AP: Iran rejected Tuesday a Canadian demand for an international team of forensic scientists to examine the corpse of an Iranian-Canadian photojournalist who died in its custody. Zahra Kazemi, a 54-year-old Canadian photographer of Iranian origin, died in July 2003, several days after being arrested for taking photos of a demonstration outside a Tehran prison. Associated Press
TEHRAN, Iran – Iran rejected Tuesday a Canadian demand for an international team of forensic scientists to examine the corpse of an Iranian-Canadian photojournalist who died in its custody.
Zahra Kazemi, a 54-year-old Canadian photographer of Iranian origin, died in July 2003, several days after being arrested for taking photos of a demonstration outside a Tehran prison.
Hard-line authorities said she died of a stroke, but a commission appointed by Iran’s president found Kazemi died of a fractured skull and brain hemorrhage that were caused by the impact of a hard object. Iranian reformists have said she was tortured to death.
A doctor who claims to have examined Kazemi in hospital, Shahram Azam, said her body bore injuries consistent with torture and rape. His allegation prompted Canadian Foreign Affairs Minister Pierre Pettigrew to demand an international forensic examination.
“Such a demand does not conform with Iranian laws or international regulations,” the spokesman for Iran’s judges, Jamal Karimirad, told reporters Tuesday.
“Kazemi was an Iranian citizen. Although she also had Canadian nationality, under Iran’s laws, an additional citizenship doesn’t negate her Iranian nationality. Therefore, Iran’s judiciary is competent to carry out the investigation,” Karimirad said.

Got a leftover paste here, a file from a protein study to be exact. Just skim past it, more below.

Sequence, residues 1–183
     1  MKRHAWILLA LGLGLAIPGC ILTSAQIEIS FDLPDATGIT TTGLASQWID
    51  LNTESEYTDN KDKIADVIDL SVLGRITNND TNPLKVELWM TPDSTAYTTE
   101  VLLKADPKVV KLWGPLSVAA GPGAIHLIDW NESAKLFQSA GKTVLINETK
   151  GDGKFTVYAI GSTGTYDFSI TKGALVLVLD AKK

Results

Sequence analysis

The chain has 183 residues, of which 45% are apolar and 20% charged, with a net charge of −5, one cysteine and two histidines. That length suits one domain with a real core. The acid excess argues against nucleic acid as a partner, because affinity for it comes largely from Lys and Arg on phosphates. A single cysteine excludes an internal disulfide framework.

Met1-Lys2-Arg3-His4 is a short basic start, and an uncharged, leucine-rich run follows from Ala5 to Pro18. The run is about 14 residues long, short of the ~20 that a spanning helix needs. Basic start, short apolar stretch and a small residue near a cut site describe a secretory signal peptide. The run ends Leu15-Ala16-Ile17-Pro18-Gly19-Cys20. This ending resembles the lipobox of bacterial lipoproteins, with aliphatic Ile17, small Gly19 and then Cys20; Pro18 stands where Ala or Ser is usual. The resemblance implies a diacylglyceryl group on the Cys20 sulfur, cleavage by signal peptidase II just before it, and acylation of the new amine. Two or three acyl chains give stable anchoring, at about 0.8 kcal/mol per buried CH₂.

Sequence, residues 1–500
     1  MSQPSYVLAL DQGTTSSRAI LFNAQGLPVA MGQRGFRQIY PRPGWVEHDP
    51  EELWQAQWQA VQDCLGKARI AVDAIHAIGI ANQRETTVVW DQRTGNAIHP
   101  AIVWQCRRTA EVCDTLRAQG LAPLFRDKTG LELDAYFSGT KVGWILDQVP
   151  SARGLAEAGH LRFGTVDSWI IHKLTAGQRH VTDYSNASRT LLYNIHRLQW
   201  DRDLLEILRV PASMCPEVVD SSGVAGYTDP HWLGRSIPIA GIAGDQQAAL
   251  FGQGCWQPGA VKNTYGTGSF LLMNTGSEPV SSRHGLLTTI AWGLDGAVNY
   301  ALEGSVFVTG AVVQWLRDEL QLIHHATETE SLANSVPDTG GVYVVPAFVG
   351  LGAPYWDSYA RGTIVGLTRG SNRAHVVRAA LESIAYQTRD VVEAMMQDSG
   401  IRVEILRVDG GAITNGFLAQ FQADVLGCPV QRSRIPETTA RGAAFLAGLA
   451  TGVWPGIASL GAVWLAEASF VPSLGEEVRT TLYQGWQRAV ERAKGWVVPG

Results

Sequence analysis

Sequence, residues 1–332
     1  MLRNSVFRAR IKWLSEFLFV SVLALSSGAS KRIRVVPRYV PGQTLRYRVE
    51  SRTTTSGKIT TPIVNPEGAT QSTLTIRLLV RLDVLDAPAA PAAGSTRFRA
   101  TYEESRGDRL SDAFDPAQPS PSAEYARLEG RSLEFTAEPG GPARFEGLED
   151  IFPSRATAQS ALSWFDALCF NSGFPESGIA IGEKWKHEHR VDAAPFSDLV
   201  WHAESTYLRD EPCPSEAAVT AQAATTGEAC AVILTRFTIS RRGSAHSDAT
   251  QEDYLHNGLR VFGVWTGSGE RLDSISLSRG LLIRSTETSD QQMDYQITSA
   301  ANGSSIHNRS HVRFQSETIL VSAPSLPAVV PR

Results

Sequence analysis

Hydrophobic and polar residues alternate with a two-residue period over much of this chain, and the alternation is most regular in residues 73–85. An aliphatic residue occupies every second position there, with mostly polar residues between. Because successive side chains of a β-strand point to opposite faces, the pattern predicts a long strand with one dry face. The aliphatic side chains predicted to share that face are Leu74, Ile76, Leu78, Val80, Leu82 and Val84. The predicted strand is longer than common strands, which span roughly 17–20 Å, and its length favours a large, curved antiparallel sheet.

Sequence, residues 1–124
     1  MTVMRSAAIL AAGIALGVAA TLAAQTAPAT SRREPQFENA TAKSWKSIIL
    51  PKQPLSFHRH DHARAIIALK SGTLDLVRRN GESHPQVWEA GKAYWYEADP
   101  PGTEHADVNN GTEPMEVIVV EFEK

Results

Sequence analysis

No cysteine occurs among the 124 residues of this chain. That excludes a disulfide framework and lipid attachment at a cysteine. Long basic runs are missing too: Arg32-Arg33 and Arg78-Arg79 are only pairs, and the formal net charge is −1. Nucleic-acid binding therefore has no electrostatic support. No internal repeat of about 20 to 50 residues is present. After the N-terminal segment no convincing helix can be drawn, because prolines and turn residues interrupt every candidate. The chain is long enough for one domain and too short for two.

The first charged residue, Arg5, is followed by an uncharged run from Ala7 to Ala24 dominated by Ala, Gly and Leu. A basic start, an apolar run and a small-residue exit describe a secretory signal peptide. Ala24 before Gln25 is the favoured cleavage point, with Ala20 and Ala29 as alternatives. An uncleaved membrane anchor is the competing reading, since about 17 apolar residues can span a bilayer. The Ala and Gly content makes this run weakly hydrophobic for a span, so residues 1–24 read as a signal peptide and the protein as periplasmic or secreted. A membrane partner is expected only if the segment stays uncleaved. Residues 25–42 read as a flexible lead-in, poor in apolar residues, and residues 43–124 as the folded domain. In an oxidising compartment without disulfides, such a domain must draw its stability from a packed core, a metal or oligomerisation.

Azam spoke about Kazemi’s injuries after moving to Canada. He said he examined Kazemi in a Tehran hospital emergency ward after she was transferred from Evin prison.
On Tuesday, Karimirad denied Azam had examined Kazemi. He dismissed Azam’s comments as “baseless and false” and hinted they were made to gain political asylum in Canada.
“The name of this person doesn’t exist in any of the (official) documents. This person for some reason has won the confidence of the Canadian government to obtain asylum,” Karimirad said.
Last year, an Iranian court acquitted secret agent Mohammad Reza Aghdam Ahmadi of killing Kazemi. Lawyers representing Kazemi’s relatives have conceded that Ahmadi was not guilty, but they believe Kazemi was beaten to death by a hard-line prison official.
Hard-liners were angered when the lawyers – led by Nobel Peace Prize winner Shirin Ebadi, accused a prison official, whom they named, of inflicting the fatal blow.
Karimirad said Kazemi’s case has not been shelved and that lawyers of the family have been invited to hear explanations about the case in May. He did not elaborate, but he said the court would listen to the lawyers’ objections.